A poll by a Kiev-based firm found that pro-independence sentiment is even more prevalent after Ukraine’s nasty past year than before it, when the Maidan movement turned from protest to ouster and a new Ukraine began its struggle to be born. In fact, it’s the highest in 15 years. Radio Free Liberty/Radio Europe reports:
Andriy Bychenko, the director of sociological research at the Razumkov Center, told RFE/RL the survey reflected a surge of patriotic feelings since the ouster of President Viktor Yanukovych in February 2014 and the outbreak of war with separatists about two months later.
Bychenko said that “the fact that Ukraine did not give up” and allow eastern Ukraine to break away from the rest of the country with Russia’s military support was “a manifestation, not a cause, of a high level of support for independence.”
Overall, 72 percent support independence today, compared with 61 percent a year ago.
Yet as the article goes on to note, the top-line figures need a little context: the occupied and breakaway regions of Ukraine were not included in the poll. And even so, the total level of support for independence, though higher than in recent memory—only 53 percent supported Ukrainian independence when the same poll was taken in 2005, a year after the Orange Revolution—is markedly lower than the 90 percent who voted for Ukraine’s independence from the Soviet Union in 1991. (Related, and similarly troubling: see this article in The Daily Beast about meaningful pro-Russian sentiment in Mariupol, the strategically significant port city on the Azov Sea currently being defended from separatists by the Ukrainian army.)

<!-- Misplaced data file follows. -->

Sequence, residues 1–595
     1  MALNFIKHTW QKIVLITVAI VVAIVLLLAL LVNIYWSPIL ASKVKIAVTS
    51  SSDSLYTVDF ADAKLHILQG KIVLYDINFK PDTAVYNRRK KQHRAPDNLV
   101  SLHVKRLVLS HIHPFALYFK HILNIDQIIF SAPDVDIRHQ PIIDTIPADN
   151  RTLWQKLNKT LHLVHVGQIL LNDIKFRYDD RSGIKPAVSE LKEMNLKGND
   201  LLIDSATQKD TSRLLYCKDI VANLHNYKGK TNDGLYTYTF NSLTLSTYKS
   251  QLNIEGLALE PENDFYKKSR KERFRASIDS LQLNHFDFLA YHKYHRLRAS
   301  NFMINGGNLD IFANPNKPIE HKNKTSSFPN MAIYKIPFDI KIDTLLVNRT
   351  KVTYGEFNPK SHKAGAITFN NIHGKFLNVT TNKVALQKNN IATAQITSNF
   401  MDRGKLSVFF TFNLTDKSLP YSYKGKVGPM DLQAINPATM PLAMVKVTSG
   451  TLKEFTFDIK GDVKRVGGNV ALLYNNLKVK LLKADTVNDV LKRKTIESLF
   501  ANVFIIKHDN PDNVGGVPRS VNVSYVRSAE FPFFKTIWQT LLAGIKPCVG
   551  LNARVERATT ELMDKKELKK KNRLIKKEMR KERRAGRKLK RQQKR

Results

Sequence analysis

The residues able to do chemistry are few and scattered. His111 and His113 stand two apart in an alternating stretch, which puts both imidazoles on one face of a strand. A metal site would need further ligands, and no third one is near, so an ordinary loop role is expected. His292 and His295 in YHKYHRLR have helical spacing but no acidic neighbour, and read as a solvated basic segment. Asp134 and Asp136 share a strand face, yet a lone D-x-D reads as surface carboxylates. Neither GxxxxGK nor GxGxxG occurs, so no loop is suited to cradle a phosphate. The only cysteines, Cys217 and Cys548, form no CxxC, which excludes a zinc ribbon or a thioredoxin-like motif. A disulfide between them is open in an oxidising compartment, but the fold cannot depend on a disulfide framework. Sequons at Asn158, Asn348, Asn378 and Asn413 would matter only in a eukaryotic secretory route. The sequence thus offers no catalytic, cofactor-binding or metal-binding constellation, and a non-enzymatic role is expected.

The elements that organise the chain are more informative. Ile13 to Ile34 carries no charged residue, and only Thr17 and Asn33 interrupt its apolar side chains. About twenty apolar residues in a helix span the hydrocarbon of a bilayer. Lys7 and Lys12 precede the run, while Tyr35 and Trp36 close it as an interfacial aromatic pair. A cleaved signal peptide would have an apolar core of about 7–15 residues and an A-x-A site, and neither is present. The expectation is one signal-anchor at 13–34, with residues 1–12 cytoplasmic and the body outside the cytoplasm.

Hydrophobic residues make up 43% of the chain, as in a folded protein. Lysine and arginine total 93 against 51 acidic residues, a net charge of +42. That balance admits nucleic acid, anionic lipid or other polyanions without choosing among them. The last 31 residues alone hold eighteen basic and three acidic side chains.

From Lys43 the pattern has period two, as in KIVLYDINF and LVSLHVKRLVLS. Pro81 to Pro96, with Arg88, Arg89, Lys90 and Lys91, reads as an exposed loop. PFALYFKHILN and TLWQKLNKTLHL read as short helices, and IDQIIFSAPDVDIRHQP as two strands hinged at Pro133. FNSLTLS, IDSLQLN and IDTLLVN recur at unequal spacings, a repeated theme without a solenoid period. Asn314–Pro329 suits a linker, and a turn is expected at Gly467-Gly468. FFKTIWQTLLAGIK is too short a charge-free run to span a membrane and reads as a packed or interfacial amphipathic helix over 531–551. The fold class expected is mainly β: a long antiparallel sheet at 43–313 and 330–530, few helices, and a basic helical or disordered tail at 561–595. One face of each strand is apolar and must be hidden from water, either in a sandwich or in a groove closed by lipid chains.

As Walter Russell Mead discussed back in February, a critical mass of reform-minded, Western-leaning citizens in Ukraine is as a necessary, but not sufficient, condition for real change. That the number is higher is good news for those of us that want the best possible future for the country. But the challenges ahead for Ukraine—crushing debt, simmering conflict, rampant corruption, oligarchic control of politics—remain formidable.